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Should the O in Russian be pronounced as a short A (like a short A as in English)?

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Yes, if unstressed and if you mean by "short A" both [ʌ] and [ə].

This is a mainstream dialect which became a norm through the course of years. Still there could be some local dialectal differences.

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To be more precise, after non-palatalized consonant pronunciation of unstressed "o" is reduced, this is called аканье (akanye) in Russian, it's quite an old phenomena which can be tracked back for at least 500 years. There's an article from wikipedia about this, and this particular quote is relevant:

In Russian (except for Northern dialects), /o/ and /a/ phonetically merge in unstressed positions. If not preceded by a palatalized (soft) consonant, these phonemes give [ɐ] (sometimes also transcribed as [ʌ]) in the syllable immediately before the stress and in absolute word-initial position.[6] In other unstressed locations, non-softened /o/ and /a/ are further reduced towards a short, poorly enunciated [ə]. After soft consonants, unstressed /o/ and /a/ are pronounced like [ɪ] in most varieties of Russian (see vowel reduction in Russian for details); this reduction is not considered a manifestation of akanye. Unlike Belarusian akanne, Russian akanye does not affect softened vowels.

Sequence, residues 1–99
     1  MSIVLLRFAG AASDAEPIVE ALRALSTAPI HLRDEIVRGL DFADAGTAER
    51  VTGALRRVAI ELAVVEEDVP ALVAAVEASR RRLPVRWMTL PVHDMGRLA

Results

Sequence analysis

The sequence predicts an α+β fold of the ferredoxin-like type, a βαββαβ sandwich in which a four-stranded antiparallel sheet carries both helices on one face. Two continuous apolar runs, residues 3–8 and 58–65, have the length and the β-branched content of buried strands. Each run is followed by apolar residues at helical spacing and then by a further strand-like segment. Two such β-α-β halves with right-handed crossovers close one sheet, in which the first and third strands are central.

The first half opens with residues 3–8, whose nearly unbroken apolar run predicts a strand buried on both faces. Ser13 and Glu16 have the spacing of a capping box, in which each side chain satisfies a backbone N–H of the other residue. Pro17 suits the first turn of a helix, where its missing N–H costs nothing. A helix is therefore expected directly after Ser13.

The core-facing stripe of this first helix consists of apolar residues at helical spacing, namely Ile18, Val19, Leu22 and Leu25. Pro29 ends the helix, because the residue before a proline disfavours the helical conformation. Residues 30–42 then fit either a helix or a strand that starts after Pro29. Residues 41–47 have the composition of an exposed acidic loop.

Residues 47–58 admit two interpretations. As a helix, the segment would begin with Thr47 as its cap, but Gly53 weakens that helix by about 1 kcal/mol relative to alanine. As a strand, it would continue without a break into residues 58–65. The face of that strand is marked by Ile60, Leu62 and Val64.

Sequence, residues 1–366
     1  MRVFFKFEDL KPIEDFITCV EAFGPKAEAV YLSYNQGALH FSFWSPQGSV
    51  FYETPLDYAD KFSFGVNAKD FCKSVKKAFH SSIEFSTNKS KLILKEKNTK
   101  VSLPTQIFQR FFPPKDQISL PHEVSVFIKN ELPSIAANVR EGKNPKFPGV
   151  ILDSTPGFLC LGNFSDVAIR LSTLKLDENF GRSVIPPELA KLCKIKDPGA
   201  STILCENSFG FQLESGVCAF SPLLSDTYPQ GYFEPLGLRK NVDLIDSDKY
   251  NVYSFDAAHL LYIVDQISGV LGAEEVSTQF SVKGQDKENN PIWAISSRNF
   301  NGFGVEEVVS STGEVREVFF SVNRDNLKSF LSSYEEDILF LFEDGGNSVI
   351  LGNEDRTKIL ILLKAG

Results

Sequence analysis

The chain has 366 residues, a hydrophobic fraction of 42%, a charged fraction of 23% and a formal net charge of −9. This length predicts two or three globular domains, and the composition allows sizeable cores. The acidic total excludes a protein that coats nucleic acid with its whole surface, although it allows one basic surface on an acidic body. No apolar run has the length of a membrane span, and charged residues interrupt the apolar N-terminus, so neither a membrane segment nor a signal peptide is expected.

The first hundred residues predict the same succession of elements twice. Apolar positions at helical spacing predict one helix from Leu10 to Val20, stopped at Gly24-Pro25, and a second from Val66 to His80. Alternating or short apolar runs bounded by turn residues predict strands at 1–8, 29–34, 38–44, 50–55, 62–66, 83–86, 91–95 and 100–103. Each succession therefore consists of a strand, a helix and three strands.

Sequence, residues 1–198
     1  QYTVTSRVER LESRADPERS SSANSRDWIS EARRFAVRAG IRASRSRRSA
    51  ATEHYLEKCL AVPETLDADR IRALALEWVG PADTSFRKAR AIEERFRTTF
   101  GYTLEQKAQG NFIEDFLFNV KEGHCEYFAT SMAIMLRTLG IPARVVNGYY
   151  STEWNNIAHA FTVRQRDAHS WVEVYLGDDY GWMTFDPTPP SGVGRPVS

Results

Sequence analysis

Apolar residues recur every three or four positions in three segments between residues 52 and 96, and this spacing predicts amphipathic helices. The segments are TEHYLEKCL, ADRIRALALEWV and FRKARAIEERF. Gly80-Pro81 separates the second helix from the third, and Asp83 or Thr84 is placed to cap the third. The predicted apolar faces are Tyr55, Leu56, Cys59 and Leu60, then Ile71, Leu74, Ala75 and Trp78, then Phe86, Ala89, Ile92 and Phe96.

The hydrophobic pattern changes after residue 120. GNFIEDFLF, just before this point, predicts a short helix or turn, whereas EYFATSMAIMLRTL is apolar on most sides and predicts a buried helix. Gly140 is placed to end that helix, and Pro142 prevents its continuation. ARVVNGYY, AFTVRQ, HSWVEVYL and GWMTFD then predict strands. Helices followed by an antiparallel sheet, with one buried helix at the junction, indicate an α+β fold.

As a side node, actually in English we can encounter sort of same thing in a lot of dialects where, say, "stop" is pronounced as [stʌp].

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  • Except for this 'pretty much the same' does happen in stressed syllables as well, as in your example.
    – bipll
    Jan 22 '17 at 5:42
  • @bipll agreed, corrected, I was talking only about vowel reduction.
    – shabunc
    Jan 22 '17 at 5:44

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